Acclimation of Photosynthesis
The primary target of CO2 is photosynthesis and in most plants this process is stimulated in leaves exposed to elevated CO2. But early observations noted that after some time in elevated CO2, the rate of photosynthesis declined, a phenomenon called acclimation, and it was thought by some that if this occurred under long-term exposure to elevated CO2, there might be no stimulation of growth by elevated CO2. In a series of papers (Li, et al., 1999; Hymus et al., 2001 and 2002; Ainsworth et al., 2002; Dore et al, 2003, Hymus et al, In Press; Li et al In Review) we have shown that acclimation occurs in both species but that it does not obviate a strong response of photosynthesis in the scrub oak ecosystem.

We have shown that elevated CO2 caused a stimulation of net ecosystem CO2 exchange in the scrub oak ecosystem of 60-100% per unit ground area and 35-40% stimulation per unit leaf area (Li et al. 1999; Ainsworth, et al., 2002; Hymus et al, In Press). This response has been sustained throughout the 6-year study. In scrub oak, the combination of high temperature and increased growth of leaves (Hymus et al. 2002b) is most likely responsible for the relatively high stimulation of CO2 assimilation. Our use of the open top chamber as a cuvette gives results that are very similar to those obtained in the same ecosystem using eddy flux (Dore et al. 2003). Use of the open top chamber to determine net ecosystem gas exchange has also tested favorably against the output of an ecosystem model in our study of a Chesapeake Bay wetland (Rasse et al. 2003). In recent, unpublished work, Jiahong Li has shown that, when measurements were made in the field on attached leaves, acclimation of both of the dominant species, Q. myrtifolia and Q. geminata, always occurs and that the proximate cause is feedback inhibition by accumulation of non-structural carbohydrates rather than failure of the supply of nitrogen from soil to keep pace with demand of growth. Although Ainsworth et al. (2003) reported that acclimation did not occur in Q. myrtifolia, this conclusion is based on the fact that measurements were made on detached leaves in the lab. Rates of photosynthesis were higher and the differences between CO2 treatments for the critical properties, Vcmax and Jmax, larger on attached leaves in the field than on detached leaves measured simultaneously in the lab.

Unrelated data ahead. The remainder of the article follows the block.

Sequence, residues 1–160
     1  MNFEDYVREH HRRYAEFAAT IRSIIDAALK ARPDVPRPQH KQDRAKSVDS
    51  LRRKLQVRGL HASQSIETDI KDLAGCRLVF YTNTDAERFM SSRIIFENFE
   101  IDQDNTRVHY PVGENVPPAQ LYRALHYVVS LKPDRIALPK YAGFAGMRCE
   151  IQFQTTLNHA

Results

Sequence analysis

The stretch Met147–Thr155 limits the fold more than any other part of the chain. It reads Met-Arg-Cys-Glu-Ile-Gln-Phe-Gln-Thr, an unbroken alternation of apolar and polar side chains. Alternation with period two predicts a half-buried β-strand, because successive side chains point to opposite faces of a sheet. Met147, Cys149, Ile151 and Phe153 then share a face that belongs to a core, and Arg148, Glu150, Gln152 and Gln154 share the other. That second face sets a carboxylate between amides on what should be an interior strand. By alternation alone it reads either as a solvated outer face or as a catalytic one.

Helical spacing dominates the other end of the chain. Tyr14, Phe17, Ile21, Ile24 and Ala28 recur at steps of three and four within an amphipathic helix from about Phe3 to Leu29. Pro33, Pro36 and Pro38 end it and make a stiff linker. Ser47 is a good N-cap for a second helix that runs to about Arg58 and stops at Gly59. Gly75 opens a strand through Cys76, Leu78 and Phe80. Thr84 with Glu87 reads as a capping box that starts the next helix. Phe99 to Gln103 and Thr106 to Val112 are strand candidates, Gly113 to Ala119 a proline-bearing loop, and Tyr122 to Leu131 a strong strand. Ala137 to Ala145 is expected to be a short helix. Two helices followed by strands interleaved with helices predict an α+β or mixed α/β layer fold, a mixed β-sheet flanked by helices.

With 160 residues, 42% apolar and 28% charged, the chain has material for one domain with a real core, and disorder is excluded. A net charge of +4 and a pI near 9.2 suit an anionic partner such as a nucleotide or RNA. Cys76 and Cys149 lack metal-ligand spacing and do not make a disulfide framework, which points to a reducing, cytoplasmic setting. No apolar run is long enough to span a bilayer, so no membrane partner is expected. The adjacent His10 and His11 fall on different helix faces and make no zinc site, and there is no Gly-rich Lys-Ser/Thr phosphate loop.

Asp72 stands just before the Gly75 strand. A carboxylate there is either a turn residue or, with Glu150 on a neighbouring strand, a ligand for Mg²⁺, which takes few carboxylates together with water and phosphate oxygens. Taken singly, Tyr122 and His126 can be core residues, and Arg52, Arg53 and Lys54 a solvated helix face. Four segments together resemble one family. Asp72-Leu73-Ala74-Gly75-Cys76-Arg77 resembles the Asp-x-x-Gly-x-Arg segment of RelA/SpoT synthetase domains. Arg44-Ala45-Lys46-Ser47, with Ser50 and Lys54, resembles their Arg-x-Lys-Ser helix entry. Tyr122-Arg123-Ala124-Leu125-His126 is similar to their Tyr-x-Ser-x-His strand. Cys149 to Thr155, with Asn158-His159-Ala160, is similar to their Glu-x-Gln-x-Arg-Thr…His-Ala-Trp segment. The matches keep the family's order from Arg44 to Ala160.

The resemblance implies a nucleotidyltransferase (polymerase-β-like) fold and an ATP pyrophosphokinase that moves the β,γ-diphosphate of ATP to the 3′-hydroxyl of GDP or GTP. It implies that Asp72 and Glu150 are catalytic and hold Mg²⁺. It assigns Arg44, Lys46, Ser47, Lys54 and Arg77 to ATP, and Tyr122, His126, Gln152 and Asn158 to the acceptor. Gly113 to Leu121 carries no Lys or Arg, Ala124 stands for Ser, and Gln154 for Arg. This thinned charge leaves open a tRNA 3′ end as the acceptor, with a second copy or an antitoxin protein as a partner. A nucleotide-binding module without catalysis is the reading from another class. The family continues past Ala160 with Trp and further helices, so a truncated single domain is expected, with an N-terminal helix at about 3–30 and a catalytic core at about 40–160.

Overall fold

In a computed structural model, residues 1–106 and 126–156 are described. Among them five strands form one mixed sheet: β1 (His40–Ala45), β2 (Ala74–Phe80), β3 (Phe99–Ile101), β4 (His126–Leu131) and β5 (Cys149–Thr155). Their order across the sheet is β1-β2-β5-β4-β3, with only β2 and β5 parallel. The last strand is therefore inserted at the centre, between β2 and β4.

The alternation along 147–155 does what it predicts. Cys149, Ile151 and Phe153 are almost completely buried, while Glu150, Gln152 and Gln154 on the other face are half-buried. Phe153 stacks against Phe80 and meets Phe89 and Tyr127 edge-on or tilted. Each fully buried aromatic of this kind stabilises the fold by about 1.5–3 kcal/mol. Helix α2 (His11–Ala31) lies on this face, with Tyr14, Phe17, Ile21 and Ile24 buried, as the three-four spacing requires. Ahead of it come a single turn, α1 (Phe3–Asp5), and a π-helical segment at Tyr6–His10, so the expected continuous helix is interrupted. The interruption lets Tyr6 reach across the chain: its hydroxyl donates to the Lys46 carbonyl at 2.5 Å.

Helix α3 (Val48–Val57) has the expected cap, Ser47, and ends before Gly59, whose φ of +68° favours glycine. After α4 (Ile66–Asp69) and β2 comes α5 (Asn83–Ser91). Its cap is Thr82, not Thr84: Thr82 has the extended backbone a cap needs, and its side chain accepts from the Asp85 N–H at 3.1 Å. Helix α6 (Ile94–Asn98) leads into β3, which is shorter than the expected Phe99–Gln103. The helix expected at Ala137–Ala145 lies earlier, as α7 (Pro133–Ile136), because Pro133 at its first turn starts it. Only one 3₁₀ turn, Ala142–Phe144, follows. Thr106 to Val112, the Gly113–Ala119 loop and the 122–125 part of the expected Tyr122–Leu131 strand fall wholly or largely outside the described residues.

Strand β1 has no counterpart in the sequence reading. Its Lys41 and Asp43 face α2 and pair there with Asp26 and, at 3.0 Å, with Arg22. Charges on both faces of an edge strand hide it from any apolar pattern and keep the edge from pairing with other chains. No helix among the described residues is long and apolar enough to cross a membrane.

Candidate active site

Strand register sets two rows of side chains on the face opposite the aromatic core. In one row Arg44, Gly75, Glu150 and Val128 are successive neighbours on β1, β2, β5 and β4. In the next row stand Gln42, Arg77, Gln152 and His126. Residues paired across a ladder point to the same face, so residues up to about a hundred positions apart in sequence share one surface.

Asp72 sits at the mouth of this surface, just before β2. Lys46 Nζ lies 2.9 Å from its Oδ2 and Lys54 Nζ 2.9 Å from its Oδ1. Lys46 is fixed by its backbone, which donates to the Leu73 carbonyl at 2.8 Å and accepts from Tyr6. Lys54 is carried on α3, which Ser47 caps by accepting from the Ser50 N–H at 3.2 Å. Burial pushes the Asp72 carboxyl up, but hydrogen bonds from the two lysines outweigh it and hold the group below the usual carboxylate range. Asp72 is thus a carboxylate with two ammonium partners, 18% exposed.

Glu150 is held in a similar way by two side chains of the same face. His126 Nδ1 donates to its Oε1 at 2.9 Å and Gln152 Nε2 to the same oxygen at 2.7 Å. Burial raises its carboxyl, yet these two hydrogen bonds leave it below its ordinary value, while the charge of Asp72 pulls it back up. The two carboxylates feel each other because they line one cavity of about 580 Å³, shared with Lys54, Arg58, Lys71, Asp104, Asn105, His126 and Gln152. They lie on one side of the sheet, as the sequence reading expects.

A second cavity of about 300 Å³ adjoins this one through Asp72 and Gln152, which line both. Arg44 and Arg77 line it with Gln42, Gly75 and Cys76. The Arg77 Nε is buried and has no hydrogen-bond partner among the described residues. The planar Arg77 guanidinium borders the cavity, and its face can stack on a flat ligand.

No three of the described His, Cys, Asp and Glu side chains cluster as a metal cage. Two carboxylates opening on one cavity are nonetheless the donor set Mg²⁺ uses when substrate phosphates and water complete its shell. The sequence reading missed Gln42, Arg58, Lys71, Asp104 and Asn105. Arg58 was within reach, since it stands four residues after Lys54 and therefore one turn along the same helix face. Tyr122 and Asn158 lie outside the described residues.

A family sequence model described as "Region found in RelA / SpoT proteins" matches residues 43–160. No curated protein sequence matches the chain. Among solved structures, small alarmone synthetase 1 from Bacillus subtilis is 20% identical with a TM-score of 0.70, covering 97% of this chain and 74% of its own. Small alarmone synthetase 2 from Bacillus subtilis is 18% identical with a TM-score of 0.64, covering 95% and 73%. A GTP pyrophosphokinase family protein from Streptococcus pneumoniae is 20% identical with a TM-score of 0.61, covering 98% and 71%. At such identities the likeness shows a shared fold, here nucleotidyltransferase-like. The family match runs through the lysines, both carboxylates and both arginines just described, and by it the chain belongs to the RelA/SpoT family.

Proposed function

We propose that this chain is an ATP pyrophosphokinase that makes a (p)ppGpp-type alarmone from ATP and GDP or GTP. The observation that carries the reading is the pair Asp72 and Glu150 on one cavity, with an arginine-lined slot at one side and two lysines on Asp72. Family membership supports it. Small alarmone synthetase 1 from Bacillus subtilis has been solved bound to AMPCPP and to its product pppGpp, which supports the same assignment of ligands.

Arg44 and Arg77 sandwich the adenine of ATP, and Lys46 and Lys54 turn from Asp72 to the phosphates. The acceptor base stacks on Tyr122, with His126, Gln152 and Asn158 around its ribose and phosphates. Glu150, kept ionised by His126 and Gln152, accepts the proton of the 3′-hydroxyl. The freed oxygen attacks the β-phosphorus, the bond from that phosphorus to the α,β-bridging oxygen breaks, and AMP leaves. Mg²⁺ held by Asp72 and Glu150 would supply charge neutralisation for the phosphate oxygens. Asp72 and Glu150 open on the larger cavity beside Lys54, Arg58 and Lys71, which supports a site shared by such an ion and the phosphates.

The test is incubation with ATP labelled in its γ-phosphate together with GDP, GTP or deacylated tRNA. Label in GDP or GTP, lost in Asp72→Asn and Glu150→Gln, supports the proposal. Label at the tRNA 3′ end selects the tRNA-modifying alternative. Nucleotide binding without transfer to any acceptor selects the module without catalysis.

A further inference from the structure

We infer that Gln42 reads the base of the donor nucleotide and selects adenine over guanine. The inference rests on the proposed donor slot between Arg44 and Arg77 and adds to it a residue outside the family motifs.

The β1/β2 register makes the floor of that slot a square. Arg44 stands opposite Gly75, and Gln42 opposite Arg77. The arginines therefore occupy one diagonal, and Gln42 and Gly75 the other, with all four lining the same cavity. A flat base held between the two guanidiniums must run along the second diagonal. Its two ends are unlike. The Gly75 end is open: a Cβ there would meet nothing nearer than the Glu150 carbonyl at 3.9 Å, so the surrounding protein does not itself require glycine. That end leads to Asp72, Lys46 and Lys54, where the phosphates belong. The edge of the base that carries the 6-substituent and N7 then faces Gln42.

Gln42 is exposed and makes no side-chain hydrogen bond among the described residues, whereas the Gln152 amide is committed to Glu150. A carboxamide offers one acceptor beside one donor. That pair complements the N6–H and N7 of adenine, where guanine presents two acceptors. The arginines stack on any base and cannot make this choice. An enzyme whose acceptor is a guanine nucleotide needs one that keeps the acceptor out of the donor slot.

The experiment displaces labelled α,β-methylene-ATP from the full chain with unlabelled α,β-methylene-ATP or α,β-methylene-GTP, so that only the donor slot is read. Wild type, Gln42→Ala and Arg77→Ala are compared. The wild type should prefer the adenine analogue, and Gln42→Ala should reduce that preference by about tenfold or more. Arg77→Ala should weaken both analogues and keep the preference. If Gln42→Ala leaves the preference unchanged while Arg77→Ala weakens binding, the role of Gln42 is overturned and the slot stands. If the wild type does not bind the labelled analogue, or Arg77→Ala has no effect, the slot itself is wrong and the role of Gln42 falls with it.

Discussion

Research Questions